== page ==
The ride is comfortable for a big van with firm suspension, which is a bonus, and it's pretty adept at handling a twisty road. The heavy steering isn’t ideal if you plan to use your van mostly on town and city roads. 

The regenerative braking, which recoups energy to top up the battery, is moderate. You’ll notice a slight slowing down as you lift off the accelerator, but surprisingly there's no additional braking mode to increase the amount of energy you can reclaim. Instead you’ll have to rely on the conventional brakes, which seems a waste and is likely to be a consequence of the third-party conversion.

Peugeot e-Boxer rear


The interior layout, fit and finish

It’s worth pointing out that the interior of the Peugeot e-Boxer is based on a van that was launched in 2006.

That’s as much of an excuse as we will allow it, because while it's practical, with plenty of storage, it simply can’t match up to a more modern van. As in the regular Peugeot Boxer the seats are hard, the steering wheel position is too upright and the overall look and feel of it is dated, and not particularly ergonomic.

It's functional rather than flattering but it does the job, and because it was the subject of a third-party conversion, is also home to a few bolted-on extras. The push-button Drive, Neutral and Reverse buttons added to the dashboard are simple and effective, but they look stuck on (which the chrome effect surrounds are) and far from sophisticated.

That’s not the worst faux pas, though – there’s also something missing in the e-Boxer’s instrument cluster. As you'd expect, there’s a speedometer, but there’s also a fuel gauge, engine temperature and rev counter (with the needles removed) all still in their usual positions. That looks a bit ridiculous in an electric van

Space in the interior for the driver and passengers is plentiful, and so too is the amount of storage the large door bins and other storage features can take. The main storage spaces are on the passenger side of the dash, where there are two open compartments as well as a cupholder. Concealed storage can be found in the lower central part of the dash, where there's a large glovebox.

Peugeot e-Boxer interior

Passenger & boot space

How it copes with people and clutter

Smaller electric vans usually come in only one size, but most manufacturers of larger vans are coming round to the idea that one size does not fit all. That's why the Peugeot e-Boxer is available in three different lengths, labelled L2, L3 and L4.

The load volume ranges from 11.5m3 to 15m3, and the maximum loadspace length ranges from 3210mm to 4070mm. The internal height of the loadspace is 1932mm (all versions get the standard H2 roof height).

Payloads are a little more complicated, because the e-Boxer is available at two different gross vehicle weights – 3.5 tonnes and 4 tonnes. 

The L2 and L3 models are both 3.5-tonne vans and have payloads of 1070kg and 740kg, respectively. The big drop in payload capacity isn’t just down to the larger body size, because the L2 is only available with the 37kWh battery, while the L3 gets the 75kWh battery pack. All L4 versions of the e-Boxer have the 75kWh battery and are built on a 4-tonne chassis.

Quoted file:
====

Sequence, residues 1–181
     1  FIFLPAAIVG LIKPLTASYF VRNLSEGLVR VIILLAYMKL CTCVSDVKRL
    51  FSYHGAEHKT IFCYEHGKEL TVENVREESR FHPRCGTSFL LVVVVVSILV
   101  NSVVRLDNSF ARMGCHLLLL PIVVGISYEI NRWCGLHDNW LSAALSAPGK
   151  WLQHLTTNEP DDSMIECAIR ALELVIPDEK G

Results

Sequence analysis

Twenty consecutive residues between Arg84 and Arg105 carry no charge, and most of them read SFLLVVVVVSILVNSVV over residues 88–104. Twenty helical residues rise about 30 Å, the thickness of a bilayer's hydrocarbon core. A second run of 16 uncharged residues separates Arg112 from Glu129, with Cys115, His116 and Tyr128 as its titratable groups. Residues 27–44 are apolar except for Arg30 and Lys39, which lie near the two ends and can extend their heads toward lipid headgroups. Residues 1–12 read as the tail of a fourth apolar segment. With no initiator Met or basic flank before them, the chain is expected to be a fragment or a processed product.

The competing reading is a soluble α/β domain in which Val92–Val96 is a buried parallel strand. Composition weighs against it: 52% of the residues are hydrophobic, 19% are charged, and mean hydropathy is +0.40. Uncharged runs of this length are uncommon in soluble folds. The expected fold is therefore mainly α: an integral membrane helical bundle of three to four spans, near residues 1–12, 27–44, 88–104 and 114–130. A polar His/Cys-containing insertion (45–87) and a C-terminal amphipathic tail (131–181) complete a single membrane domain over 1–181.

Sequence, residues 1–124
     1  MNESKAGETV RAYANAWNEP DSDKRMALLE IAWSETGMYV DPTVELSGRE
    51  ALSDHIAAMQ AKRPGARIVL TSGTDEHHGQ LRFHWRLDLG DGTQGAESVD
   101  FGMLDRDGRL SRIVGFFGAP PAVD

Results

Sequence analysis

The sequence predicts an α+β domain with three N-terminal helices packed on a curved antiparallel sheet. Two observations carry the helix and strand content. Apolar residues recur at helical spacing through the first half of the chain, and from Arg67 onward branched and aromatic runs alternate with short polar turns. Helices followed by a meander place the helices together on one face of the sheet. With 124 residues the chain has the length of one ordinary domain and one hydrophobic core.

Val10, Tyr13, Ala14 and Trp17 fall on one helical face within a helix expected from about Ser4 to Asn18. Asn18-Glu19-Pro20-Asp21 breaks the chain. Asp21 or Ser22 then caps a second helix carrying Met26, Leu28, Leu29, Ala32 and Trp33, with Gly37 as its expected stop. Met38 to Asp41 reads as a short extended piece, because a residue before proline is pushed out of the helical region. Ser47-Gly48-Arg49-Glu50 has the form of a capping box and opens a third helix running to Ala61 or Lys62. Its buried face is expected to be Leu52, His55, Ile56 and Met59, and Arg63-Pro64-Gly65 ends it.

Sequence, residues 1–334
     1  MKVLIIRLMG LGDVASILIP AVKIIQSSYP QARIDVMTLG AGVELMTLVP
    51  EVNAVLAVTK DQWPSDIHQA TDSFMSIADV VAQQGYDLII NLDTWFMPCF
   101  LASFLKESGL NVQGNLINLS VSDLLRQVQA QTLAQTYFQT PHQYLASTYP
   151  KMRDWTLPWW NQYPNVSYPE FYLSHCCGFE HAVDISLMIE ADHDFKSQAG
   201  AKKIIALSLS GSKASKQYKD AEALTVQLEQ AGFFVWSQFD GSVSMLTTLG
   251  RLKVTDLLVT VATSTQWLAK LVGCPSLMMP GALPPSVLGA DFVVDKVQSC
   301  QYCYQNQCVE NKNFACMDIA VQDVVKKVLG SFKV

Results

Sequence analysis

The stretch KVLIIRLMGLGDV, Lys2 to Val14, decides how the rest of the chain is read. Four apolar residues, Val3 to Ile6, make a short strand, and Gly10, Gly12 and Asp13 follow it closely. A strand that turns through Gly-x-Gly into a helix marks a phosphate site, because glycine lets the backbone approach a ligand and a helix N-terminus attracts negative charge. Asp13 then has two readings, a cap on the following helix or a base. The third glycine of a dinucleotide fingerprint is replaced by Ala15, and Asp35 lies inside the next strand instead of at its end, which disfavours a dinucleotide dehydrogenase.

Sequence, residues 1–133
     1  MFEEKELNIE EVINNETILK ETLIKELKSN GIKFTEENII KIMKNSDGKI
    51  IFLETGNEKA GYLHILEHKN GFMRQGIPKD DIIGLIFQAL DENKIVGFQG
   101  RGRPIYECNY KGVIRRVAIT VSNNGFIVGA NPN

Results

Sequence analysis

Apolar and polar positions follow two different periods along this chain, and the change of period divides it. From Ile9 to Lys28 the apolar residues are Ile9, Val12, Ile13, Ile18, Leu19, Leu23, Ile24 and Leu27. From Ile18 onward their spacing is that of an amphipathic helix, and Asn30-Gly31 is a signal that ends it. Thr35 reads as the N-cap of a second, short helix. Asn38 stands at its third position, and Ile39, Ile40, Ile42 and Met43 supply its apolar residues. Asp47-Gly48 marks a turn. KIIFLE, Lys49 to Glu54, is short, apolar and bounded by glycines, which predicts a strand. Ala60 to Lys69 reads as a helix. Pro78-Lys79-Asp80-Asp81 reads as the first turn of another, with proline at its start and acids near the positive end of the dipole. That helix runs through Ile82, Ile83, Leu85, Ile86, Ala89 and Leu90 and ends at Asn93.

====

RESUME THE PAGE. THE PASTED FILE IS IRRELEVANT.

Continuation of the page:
Peugeot e-Boxer with doors open

Buying & owning

Everyday costs, plus how reliable and safe it is

Buying an electric van is not cheap, and while the Peugeot e-Boxer is a third-party conversion done to a lesser standard than a factory option, it’s pricing is not for the faint-hearted. The starting price is slightly lower than for the Maxus E Deliver 9 and Mercedes eSprinter but significantly more than the entry-level Ford E-Transit

Running costs will depend on how you charge the van, and the e-Boxer is capable of taking a 50kW DC rapid charge. On a rapid charger, the battery level will top up from 0-80% in an hour, while a conventional 7kW home wall box will take around six hours to charge the smaller battery pack and 12 hours for the larger battery.

At this point, we would normally mention the vast amounts of safety systems that are fitted to modern vans, but because the e-Boxer is based on a particularly old model there isn’t much to report.

There’s a driver’s airbag and traction control as standard, but all the features you would find on a more modern van – lane-keeping assist, automatic emergency braking (AEB) etc – are missing from the standard kit. A Drive Assist Pack is available as an option, adding speed-limit recognition, smart beam headlights, Active Safety Brake, collision alert and a Lane Departure Warning system.

The e-Boxer is available in only one trim level, Professional, and includes air conditioning, rear parking sensors and heated electric mirrors as standard. There’s also a 5.0in touchscreen with DAB radio and sat-nav. The interior rear-view mirror has built-in information about the battery charge and your remaining range.

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About the author

George Barrow is one of the leading van and truck reviewers, and is the UK’s only representative on the prestigious International Van of the Year jury. He has written about vans and commercial vehicles for the past 15 years, and can be found in titles including The Sun and What Van?, alongside What Car?.

Barrow is well regarded in the commercial vehicle industry, securing access to the latest models – and the people who made them – long before other titles.


Peugeot e-Boxer infotainment system